Be warned, there are significant spoilers ahead! If you have either read the book or seen the show, you’ll be fine. If you’ve done neither, then just get to it already!
Game of Thrones by George R. R. Martin
HBO!GoT / Librarything /Goodreads
Show Summary: You win or you die.
Book Summary: Long ago, in a time forgotten, a preternatural event threw the seasons out of balance. The cold is returning, and in the frozen wastes to the north of Winterfell, sinister forces are massing beyond the kingdom’s protective wall. To the south, the King’s powers are failing, and his enemies are emerging from the shadows of the throne. At the center of the conflict lie the Starks of Winterfell, a family as harsh and unyielding as the frozen land they were born to. Now Lord Eddard Stark is reluctantly summoned to serve as the King’s new Hand, an appointment that threatens to sunder not only his family but also the kingdom itself.
Three things a HBO!GoT fan should know before starting the book:
- You will love it, because it is pretty much exactly the same as the show: I was stunned by how closely HBO stuck to the novels. I knew that all of the main plot elements had been included, but it is so much more than that. I’d say about 90% of the dialogue that is in the show is also in the book.
- All of the main characters are about 10 years younger in the novel. Yup, that’s right. A Game of Thrones is a lot more risque than its HBO counterpart. Dany is only 13 when her brother hands her off to the Dothraki. While it works in the book and is historically realistic, I really don’t think I could have watched that.
- The book is over 1000 pages long. I don’t want you to be put off by that, but it’s the truth. I don’t want anyone to think that A Game of Thrones is a short read – it’s not. It really really is not!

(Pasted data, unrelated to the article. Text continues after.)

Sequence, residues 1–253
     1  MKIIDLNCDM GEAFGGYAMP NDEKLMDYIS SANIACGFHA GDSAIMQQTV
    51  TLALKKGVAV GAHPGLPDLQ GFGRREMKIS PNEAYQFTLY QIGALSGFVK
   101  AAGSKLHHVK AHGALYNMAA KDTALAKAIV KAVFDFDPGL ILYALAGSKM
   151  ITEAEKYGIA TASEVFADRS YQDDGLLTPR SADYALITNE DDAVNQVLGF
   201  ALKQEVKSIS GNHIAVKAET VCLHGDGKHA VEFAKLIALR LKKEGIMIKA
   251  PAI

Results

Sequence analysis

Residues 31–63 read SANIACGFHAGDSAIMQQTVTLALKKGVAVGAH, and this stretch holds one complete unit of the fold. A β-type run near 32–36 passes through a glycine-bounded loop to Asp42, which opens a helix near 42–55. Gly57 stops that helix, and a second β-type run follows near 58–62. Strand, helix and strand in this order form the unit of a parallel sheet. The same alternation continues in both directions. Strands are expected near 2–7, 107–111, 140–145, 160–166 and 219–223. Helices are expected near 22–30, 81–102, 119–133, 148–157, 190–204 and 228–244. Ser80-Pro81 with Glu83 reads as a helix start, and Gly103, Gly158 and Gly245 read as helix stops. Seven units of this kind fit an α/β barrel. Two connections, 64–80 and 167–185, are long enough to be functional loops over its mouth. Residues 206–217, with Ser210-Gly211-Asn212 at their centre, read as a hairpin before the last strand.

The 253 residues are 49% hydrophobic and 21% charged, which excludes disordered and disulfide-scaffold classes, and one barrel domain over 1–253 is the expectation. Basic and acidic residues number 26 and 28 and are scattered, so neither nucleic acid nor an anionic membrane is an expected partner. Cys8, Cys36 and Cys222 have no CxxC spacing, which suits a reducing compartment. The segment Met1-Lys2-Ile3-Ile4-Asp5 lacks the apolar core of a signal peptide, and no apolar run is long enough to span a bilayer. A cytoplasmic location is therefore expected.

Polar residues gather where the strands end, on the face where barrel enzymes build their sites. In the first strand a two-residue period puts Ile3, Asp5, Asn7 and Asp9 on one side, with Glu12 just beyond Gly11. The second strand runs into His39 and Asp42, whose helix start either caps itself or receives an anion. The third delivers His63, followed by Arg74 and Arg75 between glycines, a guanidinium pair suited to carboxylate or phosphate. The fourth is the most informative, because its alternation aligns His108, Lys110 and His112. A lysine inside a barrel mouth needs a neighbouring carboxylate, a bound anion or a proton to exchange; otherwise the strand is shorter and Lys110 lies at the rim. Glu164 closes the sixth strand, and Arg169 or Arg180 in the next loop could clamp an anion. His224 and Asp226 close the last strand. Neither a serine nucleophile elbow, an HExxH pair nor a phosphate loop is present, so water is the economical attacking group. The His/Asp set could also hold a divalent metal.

Three things I preferred the HBO interpretation of:
- Catelyn Stark. I had genuinely liked Catelyn in HBO!GoT. She wasn’t my favourite character, but she clearly had Stark qualities to her that made me warm to her. She didn’t sit to the sidelines, but neither did she try to jump in the driver’s seat. But book!Catelyn I very nearly loathe. How can I put it in a way fans will understand… there’s just not much of the North in that woman. She treats Jon 100 times worse than she does on the show, not to mention her inability to understand honour, justice and those other fantastic Stark qualities.
- The scenery. While I realise television has the clear advantage in this field, I found myself missing the beautiful landscapes and the gorgeous castles. George R.R. Martin isn’t all that big on descriptive writing about scenery, so while some places were extremely well described (the Wall and the Dothraki plains, for example), others had almost no description at all (King’s Landing).
- The Lannisters. HBO!GoT gives the Lannisters a bit more context – they aren’t necessarily my favourite group of people (*strangles Joffery*) but there were times when I genuinely felt for Cersei and Jamie. But in the books? They are the very definition of evil. Evil. Evil. Evil. And while I am certainly Team Stark, I would have liked to have seen a bit more Lannister in the book.